Astronomers discover a new exoplanet the size of Saturn

A team of astronomers working with the TESS space telescope has announced the discovery of a new exoplanet. It is the size of Saturn and can actively lose its atmosphere due to the proximity of the parent star.

Planet loses its atmosphere. Source:

Finding exoplanets

An international team of astronomers reported the discovery of a new exoplanet orbiting a solar-type star. The newly discovered world was designated TOI-1135 b. It is young, hot and comparable in size to Saturn. 

To date, NASA’s Transiting Exoplanet Survey Satellite (TESS) has found almost 7,100 candidate exoplanets (TESS Objects of Interest, or TOI), of which 420 have already been confirmed. Since its launch in April 2018, TESS has been using an array of wide-angle cameras to survey about 200,000 of the brightest stars near the Sun to search for transiting exoplanets, including giant planets.

A group of astronomers led by Manuel Mallorquín Díaz from the University of La Laguna, Spain, confirmed another TOI observed by TESS. They detected a transit signal in the light curve of TOI-1135, a young solar-type star of spectral type G0 at a distance of about 371 light years. The planetary nature of this signal was confirmed by further photometry and spectroscopy.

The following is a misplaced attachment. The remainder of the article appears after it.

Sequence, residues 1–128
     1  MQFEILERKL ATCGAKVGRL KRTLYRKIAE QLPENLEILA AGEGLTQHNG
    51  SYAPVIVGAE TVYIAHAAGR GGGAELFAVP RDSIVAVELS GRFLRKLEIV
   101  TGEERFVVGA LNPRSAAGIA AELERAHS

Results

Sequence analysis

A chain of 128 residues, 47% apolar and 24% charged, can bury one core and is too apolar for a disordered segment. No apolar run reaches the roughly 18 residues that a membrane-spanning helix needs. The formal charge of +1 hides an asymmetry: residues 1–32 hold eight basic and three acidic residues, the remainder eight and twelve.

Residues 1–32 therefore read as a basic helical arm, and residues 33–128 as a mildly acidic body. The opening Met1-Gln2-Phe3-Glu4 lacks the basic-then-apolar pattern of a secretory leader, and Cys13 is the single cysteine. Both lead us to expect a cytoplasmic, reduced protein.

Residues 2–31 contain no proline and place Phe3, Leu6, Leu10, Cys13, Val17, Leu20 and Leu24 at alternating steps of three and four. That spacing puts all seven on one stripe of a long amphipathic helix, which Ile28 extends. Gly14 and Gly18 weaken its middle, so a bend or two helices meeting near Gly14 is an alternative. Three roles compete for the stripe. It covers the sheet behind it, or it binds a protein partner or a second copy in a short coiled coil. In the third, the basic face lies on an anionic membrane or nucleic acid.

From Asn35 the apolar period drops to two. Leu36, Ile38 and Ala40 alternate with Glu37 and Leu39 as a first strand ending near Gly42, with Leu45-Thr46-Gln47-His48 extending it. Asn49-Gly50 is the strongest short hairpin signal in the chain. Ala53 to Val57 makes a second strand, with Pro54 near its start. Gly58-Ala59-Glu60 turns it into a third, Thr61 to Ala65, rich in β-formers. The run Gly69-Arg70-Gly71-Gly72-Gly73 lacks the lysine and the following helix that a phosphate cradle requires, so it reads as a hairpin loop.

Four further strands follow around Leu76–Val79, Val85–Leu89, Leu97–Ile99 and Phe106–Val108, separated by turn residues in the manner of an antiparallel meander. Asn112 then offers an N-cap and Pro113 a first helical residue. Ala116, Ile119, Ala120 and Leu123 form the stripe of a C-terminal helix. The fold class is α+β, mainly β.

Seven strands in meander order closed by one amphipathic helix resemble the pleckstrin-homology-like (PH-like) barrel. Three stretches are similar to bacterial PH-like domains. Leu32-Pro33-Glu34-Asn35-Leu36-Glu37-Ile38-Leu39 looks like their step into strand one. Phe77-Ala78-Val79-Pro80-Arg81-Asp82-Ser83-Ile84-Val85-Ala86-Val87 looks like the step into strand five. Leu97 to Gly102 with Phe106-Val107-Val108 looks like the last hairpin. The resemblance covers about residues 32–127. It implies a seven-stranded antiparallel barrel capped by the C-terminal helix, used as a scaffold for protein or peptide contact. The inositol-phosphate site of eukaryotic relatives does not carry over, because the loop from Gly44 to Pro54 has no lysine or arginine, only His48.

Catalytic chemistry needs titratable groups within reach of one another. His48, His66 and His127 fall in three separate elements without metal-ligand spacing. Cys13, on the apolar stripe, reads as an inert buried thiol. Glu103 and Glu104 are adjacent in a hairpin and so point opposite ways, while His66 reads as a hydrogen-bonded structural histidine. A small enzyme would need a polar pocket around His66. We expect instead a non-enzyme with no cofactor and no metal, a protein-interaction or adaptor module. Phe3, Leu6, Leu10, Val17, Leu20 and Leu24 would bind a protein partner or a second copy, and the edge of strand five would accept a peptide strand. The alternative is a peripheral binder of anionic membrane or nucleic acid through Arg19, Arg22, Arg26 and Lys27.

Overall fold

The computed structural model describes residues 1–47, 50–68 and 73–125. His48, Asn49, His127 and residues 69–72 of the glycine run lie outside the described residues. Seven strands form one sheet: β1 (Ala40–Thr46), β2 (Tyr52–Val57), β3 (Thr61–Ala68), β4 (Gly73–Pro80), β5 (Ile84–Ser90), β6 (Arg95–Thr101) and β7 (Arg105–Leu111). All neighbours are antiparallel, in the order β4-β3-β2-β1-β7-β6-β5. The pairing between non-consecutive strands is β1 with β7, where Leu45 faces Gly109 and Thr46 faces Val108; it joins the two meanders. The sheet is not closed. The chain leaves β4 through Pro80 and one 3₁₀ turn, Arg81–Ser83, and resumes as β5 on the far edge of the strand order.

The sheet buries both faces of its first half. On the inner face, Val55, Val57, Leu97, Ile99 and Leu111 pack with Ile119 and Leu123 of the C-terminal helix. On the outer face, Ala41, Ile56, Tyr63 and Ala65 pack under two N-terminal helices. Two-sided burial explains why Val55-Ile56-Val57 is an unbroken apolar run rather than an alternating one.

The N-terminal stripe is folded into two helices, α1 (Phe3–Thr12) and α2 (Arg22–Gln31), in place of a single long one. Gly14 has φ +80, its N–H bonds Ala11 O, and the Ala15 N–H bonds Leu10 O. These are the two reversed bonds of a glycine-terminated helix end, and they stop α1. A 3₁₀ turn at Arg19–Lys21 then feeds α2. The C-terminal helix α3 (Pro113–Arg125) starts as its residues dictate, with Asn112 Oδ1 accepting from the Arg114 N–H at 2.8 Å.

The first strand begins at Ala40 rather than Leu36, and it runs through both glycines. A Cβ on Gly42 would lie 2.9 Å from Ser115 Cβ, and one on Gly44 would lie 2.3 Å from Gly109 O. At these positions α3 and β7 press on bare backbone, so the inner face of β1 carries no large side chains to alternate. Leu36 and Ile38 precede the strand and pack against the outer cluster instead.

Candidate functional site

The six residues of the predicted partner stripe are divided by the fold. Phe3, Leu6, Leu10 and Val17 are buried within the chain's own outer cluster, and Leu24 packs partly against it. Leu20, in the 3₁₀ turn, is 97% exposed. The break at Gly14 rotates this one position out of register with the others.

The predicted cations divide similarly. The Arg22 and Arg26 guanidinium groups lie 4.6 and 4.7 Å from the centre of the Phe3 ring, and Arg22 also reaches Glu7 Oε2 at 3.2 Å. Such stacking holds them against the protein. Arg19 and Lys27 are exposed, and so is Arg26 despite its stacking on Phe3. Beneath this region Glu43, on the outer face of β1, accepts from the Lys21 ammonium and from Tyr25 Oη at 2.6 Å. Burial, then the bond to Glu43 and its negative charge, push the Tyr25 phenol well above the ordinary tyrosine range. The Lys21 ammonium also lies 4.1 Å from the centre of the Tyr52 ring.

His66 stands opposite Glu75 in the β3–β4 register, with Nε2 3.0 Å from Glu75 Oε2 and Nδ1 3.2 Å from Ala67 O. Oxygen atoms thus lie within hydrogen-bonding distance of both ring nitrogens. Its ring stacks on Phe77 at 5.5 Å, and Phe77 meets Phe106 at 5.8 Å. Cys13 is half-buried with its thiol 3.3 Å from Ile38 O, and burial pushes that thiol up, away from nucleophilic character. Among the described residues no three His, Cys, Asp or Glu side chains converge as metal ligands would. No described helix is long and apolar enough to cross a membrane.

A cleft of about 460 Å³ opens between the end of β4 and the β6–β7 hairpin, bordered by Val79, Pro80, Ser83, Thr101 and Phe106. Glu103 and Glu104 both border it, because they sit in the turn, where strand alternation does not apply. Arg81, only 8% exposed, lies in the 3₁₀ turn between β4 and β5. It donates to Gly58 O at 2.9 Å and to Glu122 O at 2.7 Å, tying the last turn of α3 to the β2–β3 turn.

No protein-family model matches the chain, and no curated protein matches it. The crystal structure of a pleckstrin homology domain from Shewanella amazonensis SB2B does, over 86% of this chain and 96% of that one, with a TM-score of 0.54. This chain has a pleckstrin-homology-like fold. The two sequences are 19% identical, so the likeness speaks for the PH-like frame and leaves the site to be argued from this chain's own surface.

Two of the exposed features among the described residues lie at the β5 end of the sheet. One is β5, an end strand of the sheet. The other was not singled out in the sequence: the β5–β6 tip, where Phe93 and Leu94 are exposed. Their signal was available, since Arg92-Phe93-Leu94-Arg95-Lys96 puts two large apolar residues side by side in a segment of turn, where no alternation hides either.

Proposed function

Planet loses atmosphere

TOI-1135 b has a radius of about 0.8 Jupiter radius, and its mass is approximately 0.062 Jupiter masses, which gives a density of 0.16 g/cm3. The planet orbits its moon every 8.02 days at a distance of 0.082 AU from it. The equilibrium temperature of TOI-1135 b is estimated in the range of 950-1200 K.

Thus, the results obtained indicate that TOI-1135 b is a gas giant similar in size to Saturn, but less massive than it. The planet has an inflated atmosphere, most likely due to the powerful stellar radiation. 

Astronomers suggest that TOI-1135 b may be in the process of blowing off the atmosphere due to photo-evaporation They noted that the planet had a high rate of mass loss — about 39 Earth masses in one billion years, so it would eventually lose most of its atmosphere in a few hundred million years. Giant planets with a mass less than that of Saturn are prone to losing all or most of their atmosphere in the early stages if they receive enough radiation from the parent star, which may be the case with TOI-1135 b.

The parent star TOI-1135 is slightly larger and more massive than the Sun, and its luminosity is at the level of 1.7 solar luminosity. The star is estimated to be between 125 million and 1 billion years old, and its effective temperature is approximately 6,122 K.

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